I know i probably would, it's just SO tempting!


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"All I can say is "don't get hurt"."

I need to fight temptation! It doesn't help at all that there are 2 facilities in Ohio that allow you to rent them for very modest cost for practice or testing.

Plus there is the Champion Bultaco that I know I am gonna take some laps with at a specific track. It was last raced at the Salem ¼ in the late 70's. I was "wrenching" on it that night. It has never run since. I feel the need to at least ride practice on that track with that bike.


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That's fantastic, Rich!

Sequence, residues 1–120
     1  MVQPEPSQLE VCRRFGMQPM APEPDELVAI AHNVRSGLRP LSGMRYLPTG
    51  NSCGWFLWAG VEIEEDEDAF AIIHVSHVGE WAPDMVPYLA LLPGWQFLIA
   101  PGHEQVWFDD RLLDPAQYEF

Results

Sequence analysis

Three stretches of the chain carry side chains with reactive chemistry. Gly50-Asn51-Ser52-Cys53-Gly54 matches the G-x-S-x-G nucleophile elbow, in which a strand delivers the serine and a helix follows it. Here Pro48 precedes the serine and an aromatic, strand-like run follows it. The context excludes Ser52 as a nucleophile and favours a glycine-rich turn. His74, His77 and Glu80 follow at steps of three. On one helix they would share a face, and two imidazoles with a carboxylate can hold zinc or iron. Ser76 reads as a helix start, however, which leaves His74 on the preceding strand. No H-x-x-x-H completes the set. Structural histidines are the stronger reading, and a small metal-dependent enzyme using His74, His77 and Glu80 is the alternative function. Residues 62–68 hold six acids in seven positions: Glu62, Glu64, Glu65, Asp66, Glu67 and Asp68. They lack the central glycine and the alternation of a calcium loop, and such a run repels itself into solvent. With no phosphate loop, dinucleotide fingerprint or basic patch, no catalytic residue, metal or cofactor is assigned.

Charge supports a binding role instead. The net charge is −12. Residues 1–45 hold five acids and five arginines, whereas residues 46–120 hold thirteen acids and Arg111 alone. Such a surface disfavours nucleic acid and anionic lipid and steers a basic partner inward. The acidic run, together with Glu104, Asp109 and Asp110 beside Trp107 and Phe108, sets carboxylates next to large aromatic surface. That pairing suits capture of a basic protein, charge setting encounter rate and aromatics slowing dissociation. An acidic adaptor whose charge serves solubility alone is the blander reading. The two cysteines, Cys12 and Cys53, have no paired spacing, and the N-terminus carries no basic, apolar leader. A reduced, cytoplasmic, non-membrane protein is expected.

I'm sure whatever you decide to do with it with be a blast. I feel ya on the whole "digging into it" thing. Recently purchased a "running" (see: not sorted) '82 TMA Royal from a guy, original owner and long time Triumph enthusiast. He owns five T20,T100,T120 and T140.

Started wiring it for LED lighting, needed to pull the outer GB cover to fix the neutral switch wires and I'm now probably going to have to take it down to the crank b/c of what I've uncovered. Good thing I have the time and enjoy that type of work (see: sums of $$ spent after purchase).

Cheers,

Steve


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Originally Posted by JubeePrince
Started wiring it for LED lighting, needed to pull the outer GB cover to fix the neutral switch wires and I'm now probably going to have to take it down to the crank b/c of what I've uncovered.
Cheers,

Steve